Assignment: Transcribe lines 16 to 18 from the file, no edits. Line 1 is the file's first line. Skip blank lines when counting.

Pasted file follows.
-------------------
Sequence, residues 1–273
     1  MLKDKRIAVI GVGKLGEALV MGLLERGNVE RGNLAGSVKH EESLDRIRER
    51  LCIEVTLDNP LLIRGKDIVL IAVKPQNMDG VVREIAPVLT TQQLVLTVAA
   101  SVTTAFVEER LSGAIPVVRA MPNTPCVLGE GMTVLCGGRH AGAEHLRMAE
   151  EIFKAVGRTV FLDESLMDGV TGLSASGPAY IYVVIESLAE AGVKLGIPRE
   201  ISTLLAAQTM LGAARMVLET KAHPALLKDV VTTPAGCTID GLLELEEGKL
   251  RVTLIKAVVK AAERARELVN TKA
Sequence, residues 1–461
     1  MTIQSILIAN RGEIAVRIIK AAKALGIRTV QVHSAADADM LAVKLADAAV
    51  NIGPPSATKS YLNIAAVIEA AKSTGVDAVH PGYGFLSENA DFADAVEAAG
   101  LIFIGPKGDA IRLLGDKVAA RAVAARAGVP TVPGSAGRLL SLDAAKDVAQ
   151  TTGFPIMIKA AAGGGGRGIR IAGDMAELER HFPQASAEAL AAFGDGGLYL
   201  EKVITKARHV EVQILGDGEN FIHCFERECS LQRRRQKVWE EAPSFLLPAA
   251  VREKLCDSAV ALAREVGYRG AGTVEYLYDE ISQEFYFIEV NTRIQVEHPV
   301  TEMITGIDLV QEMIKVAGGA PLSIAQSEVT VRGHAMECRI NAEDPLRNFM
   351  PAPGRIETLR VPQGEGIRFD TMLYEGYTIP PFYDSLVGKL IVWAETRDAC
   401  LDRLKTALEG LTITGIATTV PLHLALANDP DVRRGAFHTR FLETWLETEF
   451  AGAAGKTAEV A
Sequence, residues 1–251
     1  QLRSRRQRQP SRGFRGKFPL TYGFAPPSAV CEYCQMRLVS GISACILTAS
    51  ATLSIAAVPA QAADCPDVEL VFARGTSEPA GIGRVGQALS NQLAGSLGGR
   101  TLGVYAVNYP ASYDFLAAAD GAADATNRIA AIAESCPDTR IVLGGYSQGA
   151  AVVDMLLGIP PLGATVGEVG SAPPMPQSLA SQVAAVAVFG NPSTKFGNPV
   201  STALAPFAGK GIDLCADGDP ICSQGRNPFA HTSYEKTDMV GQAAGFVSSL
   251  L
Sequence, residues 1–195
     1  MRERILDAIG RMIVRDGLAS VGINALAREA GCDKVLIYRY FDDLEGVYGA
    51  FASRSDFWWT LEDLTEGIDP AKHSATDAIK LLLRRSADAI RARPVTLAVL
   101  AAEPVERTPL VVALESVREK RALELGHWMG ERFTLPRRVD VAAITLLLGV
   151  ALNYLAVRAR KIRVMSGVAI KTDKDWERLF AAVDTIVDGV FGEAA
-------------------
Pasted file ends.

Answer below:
   351  PAPGRIETLR VPQGEGIRFD TMLYEGYTIP PFYDSLVGKL IVWAETRDAC
   401  LDRLKTALEG LTITGIATTV PLHLALANDP DVRRGAFHTR FLETWLETEF
   451  AGAAGKTAEV A